Tuesday, April 29, 2008


Kristen, left, and Val
I've been looking for photos to go with a post I'll be writing next month when my daughter receives her master's degree.
I found this one and thought I'd post it now with a memoir of the time when I had not one but TWO daughters.
When Kristen was a senior in high school, the family of one of her friends hosted a foreign exchange student from Venezuela. I first met Val in October when she went trick or treating with Kristen and her pals. Little did I know that she soon would be part of our family.
Unfortunately for Val, things didn't work out with her first host family. Val was about to be sent back to Venezuela when Kristen asked Dan and me if we could host her instead. At first, I thought our house was too small and shabby to take her in, but in the end I couldn't abide the thought of Val having to cut short her year in the U.S. (Dan and Kristen would have worked on me until I gave in anyway).
So, for the second semester, I had two daughters. We had extra fun on Valentine's Day, which is also Val's birthday (her full name is Valentina in honor of the day).
I loved making two Easter baskets. Even more, I loved Val's reaction to receiving an Easter basket. She was thrilled! (In fact, when she left, she carried the pastel green wicker basket onto the plane!)
Val and our family got into serious trouble when we let Val take a trip to Canada. (That was a big no-no, but since we never formally applied to be exchange hosts, we didn't know the rules.) I thought Val couldn't possibly be safer, because she was escorted by the wife of the warden of the state penitentiary. (Who better to keep kids out of trouble??)
The exchange agency didn't see it that way. They were highly miffed and were going to send Val back to Venezuela. We fought back. We contacted one of our senators and he intervened. We were delighted to have won, especially since the agency had gotten its knickers in a twist over such a niggling (to us) issue.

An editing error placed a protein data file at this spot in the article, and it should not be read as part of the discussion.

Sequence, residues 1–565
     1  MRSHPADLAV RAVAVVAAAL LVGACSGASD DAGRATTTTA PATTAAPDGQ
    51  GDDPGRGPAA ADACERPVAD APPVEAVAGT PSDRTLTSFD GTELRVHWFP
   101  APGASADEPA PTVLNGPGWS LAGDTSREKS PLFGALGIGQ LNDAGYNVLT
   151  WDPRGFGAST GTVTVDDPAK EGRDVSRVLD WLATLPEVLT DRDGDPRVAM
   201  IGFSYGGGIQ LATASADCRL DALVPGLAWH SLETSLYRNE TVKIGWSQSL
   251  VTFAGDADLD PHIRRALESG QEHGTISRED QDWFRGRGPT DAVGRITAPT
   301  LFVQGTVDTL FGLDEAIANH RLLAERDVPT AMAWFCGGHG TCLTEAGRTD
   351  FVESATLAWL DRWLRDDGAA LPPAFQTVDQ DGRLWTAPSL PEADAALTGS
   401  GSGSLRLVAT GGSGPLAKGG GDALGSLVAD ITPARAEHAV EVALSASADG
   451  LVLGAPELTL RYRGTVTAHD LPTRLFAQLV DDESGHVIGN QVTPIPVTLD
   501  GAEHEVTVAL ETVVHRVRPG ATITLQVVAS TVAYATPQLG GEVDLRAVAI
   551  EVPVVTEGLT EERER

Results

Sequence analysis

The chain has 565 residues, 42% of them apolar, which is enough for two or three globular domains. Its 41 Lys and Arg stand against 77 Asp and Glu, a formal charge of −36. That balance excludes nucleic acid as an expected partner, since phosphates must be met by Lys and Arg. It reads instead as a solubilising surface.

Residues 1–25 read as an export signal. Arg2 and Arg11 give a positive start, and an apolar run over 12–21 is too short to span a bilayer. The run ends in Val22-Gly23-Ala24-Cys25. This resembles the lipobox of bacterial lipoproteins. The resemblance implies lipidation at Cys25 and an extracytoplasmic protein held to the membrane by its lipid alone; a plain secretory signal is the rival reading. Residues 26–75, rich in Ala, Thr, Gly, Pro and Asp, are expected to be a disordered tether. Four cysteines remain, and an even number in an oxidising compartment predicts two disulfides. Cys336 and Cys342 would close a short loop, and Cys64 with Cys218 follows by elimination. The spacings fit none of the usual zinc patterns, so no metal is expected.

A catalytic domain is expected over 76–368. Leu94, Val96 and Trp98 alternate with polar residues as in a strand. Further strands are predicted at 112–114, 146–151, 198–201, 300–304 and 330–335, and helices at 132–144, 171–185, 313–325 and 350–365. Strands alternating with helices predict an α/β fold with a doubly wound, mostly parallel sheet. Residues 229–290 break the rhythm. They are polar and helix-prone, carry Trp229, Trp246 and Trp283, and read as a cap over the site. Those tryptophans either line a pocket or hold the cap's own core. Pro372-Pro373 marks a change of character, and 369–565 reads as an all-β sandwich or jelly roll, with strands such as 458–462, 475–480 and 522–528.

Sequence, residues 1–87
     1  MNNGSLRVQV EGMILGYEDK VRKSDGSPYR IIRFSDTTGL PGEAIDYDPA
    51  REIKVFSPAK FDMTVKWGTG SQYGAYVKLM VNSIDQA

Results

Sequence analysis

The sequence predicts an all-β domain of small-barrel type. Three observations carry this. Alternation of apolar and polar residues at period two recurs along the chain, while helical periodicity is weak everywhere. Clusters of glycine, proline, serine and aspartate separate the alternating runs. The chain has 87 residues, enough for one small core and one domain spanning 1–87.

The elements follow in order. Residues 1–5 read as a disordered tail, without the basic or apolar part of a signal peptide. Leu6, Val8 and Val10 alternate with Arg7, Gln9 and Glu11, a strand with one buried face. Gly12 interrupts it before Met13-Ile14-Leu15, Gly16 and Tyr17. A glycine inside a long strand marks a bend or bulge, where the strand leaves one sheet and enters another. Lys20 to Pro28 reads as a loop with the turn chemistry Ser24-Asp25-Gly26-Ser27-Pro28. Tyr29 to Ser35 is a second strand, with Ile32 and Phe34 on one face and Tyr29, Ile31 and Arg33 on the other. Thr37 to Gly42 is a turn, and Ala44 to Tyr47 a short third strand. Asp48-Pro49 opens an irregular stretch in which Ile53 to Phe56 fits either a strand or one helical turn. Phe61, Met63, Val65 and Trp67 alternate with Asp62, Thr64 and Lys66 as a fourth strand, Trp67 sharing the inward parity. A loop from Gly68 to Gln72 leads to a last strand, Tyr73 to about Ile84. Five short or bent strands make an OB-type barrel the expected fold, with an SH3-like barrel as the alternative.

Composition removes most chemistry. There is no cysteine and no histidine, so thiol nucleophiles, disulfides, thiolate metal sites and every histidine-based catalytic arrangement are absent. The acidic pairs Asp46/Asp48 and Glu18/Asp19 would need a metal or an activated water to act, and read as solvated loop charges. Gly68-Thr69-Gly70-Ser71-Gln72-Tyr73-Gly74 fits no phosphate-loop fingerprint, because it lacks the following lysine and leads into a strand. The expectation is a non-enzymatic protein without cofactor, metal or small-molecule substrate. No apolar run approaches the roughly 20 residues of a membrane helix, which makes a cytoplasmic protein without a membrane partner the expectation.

Val was always up for anything, even eating Dan's wild-game meals. I remember when we were eating elk steaks. Dan was going on and on: "Isn't this good?" Val, Kristen and I exchanged meaningful looks that clearly said, "Yuk, no, it isn't." The only time Val palled is when she found some buckshot in a pheasant breast.
That year, I went to two graduation ceremonies, one in the morning and one in the afternoon. Val had started the year at Century High School and thanks to carpooling friends, was able to continue there. That's why you see Kristen in Bismarck High School maroon and Val in CHS red.
The graduation ceremony for Val was a formality, as she had already graduated from high school or its equivalent in Caracas.
Right after graduation, Dan and I took the girls to Medora, North Dakota's "Wild West" town. When we toured Theodore Roosevelt National Park, Val loved the prairie dog towns, and kept looking for some "boofalo" (her pronunciation). We were afraid we weren't going to see any but as we were nearing the end of the drive we saw an entire herd and Val was able to get photos of her "boofalo".
Having a second daughter was a great experience for us, and having a sister was wonderful for Kristen, too. Val is sweet, smart and funny. I'll always remember her pretty rosy-pink cheeks, her bubbly personality, and how fast she talked when she spoke in Spanish. Va introduced me to a phrase which I hadn't heard at the time: "It's all good!"
Yes, it was all good, a truly positive experience, except for one thing. With the two girls around, I could NEVER get on the computer. And because we had dial-up Internet back then, I was forever getting a busy signal when I tried to call them at the house.